Fifth, that social media is incompatible with business concerns. Their environment is pretty much business-oriented. There’s not a lot of “social” going on the platform — and it works very well, thank you.
KM Link of the Week
The Knowledge Management/Knowledge Services Certificate Program, offered by SLA in partnership with SMR International, is designed to help information professionals better manage the use and application of proprietary and industry information within their organizations. Through a combination of theoretical and practical approaches, the program will equip knowledge workers with the expertise and skills they need to build an enterprise-wide knowledge culture that delivers measurable and tangible benefits in the use of information, knowledge, and strategic learning to make decisions, spark innovation, and achieve the corporate or organizational mission.
In the Certificate in Knowledge Management/Knowledge Services Program, you will:
- Gain the essential theoretical and practical understanding, techniques, skills, and tools to launch or enhance your organization’s KM/KS practices and to apply knowledge management and knowledge services immediately and effectively for the organization’s benefit;
- Acquire the necessary depth and breadth of knowledge, understanding, and experience to begin practicing knowledge management and providing knowledge services for clients and enhance their participation in enterprise-wide knowledge management/knowledge services activities;
- Benefit from a flexible program that matches your professional goals and interests and allows you to balance them with your work schedule, lifestyle, and other requirements;
- Engage in live lectures, live and online discussions, selected readings, and exercises that build and reinforce your existing expertise and skills in knowledge management/knowledge services; and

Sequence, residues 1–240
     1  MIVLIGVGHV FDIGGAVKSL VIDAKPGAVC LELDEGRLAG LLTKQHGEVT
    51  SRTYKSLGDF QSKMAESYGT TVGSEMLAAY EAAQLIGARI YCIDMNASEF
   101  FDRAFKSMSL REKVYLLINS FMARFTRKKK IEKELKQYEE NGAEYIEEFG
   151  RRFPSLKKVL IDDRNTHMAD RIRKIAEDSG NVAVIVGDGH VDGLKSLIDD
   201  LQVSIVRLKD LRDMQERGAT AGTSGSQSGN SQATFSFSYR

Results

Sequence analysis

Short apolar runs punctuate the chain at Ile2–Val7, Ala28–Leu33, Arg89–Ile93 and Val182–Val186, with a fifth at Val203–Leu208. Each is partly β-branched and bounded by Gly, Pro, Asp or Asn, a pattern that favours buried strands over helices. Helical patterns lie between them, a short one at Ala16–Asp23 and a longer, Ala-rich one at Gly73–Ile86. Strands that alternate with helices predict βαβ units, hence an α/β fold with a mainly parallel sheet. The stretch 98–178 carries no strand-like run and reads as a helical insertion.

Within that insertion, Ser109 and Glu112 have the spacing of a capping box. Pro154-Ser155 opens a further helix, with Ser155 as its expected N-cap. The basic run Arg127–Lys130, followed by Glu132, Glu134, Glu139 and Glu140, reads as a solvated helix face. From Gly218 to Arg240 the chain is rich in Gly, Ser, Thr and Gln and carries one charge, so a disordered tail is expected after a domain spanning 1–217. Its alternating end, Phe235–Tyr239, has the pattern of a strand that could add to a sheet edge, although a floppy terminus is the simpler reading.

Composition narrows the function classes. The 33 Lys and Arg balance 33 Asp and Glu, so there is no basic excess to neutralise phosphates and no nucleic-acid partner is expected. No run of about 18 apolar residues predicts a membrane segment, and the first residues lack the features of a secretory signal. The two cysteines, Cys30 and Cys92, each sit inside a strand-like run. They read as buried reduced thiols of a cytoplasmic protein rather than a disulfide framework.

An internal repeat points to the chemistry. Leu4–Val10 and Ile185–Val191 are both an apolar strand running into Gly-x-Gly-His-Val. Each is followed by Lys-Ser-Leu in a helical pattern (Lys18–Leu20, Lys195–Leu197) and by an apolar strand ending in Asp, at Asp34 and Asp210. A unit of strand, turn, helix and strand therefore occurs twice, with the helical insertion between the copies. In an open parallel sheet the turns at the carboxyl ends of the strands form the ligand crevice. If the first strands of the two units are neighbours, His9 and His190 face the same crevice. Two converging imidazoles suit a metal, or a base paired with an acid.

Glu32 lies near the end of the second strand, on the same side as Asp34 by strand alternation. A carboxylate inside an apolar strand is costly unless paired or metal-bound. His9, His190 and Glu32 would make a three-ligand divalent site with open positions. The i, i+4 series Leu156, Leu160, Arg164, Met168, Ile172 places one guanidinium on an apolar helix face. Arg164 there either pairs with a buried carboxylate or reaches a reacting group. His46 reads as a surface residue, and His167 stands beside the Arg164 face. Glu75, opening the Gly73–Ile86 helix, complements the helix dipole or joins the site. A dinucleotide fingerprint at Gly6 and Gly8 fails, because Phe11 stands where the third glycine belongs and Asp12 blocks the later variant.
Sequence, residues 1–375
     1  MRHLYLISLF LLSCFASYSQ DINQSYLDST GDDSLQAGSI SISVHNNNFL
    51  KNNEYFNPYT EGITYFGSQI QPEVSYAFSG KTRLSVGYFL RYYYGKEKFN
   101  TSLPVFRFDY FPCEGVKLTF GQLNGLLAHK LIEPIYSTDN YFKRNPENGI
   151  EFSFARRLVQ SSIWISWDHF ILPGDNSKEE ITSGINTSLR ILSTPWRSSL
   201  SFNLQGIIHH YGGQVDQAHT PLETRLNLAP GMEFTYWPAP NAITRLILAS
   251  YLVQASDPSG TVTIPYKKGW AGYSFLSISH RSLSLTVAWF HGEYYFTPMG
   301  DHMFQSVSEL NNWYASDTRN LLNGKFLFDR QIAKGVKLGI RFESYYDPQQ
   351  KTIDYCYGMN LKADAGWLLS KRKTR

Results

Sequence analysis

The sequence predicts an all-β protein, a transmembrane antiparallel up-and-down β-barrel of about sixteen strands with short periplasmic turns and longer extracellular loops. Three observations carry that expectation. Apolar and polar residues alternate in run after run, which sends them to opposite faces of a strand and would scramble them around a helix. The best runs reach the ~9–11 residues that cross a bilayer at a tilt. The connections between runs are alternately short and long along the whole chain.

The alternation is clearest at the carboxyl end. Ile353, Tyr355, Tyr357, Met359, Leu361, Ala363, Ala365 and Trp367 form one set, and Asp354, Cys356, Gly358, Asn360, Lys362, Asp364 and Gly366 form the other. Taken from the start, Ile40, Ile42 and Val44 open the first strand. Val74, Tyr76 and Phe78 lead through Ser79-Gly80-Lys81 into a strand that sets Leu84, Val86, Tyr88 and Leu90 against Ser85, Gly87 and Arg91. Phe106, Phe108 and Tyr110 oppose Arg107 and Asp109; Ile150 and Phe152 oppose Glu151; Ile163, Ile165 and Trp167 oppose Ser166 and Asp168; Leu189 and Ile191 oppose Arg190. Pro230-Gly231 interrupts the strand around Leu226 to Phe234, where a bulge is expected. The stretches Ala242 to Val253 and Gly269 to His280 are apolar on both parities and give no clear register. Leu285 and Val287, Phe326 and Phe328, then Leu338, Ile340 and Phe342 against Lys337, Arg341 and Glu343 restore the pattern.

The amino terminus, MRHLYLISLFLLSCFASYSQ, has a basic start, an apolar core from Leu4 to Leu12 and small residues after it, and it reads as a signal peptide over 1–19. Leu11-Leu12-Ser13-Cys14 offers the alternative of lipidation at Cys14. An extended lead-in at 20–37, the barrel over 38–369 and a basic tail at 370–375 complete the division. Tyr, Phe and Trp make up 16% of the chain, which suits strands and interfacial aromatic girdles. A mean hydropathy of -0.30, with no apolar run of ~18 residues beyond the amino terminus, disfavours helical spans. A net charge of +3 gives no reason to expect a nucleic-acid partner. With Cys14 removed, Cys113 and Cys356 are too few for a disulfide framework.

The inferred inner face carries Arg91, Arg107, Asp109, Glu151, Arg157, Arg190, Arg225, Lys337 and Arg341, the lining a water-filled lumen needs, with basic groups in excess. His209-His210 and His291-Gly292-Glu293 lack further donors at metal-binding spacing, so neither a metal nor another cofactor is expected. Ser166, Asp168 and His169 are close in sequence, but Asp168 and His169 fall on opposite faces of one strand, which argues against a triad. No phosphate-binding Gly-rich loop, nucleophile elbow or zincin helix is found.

- Enjoy dynamic and experienced instruction, an extensive curriculum, quality training materials, and high value that are the hallmarks of SLA’s professional development programs and SMR International’s KM/KS training.
- KMKS101 Fundamentals of Knowledge Management and Knowledge Services
- KMKS102 The Knowledge Audit: Evaluating Intellectual Capital Use
- KMKS103 Knowledge Strategy: Developing the Enterprise-Wide Knowledge Culture
- KMKS104 Networking and Social Media: Technology-Enabled Knowledge Sharing
- KMKS105 Change Management and Change Implementation in the Knowledge Domain
- KMKS106 Critical Success Factors: Measuring Knowledge Services
KM Book of the Week
Knowledge Management: Concepts, Methodologies, Tools, and Applications (6-volume set) edited by Murray Jennex
Knowledge management (KM) is an emerging, interdisciplinary business model dealing with all aspects of knowledge within the context of the firm, including knowledge creation, codification, and sharing, and using these activities to promote learning and innovation. It encompasses both technological tools and organizational routines of which there are a number of components. These include generating new knowledge; acquiring valuable knowledge from outside sources; using this knowledge in decision making; embedding knowledge in processes, products, and/or services; coding information into documents, databases, and software; facilitating knowledge growth; transferring knowledge to other parts of the organization; and measuring the value of knowledge assets and/or the impact of knowledge management.
Knowledge Management: Concepts, Methodologies, Tools, and Applications is the defining reference source for all theories, concepts, and methodologies within the KM discipline. This comprehensive, six-volume collection of research from an international body of KM experts includes chapters on Implementing Knowledge Management (KM) in Organizations; KM Systems Acceptance; KM Communication; Knowledge Representation; Knowledge Sharing; KM Success Models; Knowledge Ontology; and Operational KM. Encompassing over 300 chapters from more than 500 contributors drawn from the world’s leading KM experts, this collection will provide libraries with the defining reference to the field and set the standard for all fundamental and emerging models within the discipline.
- Section 1: Fundamental Concepts and Theories in Knowledge Management
- Section 2: Knowledge Management Development and Design Methodologies
- Section 3: Knowledge Management: Tools and Technologies
- Section 4: Utilization and Application of Knowledge Management
- Section 5: Organizational and Social Implications of Knowledge Management
- Section 6: Managerial Impact of Knowledge Management
- Section 7: Critical Issues in Knowledge Management
- Section 8: Emerging Trends in Knowledge Management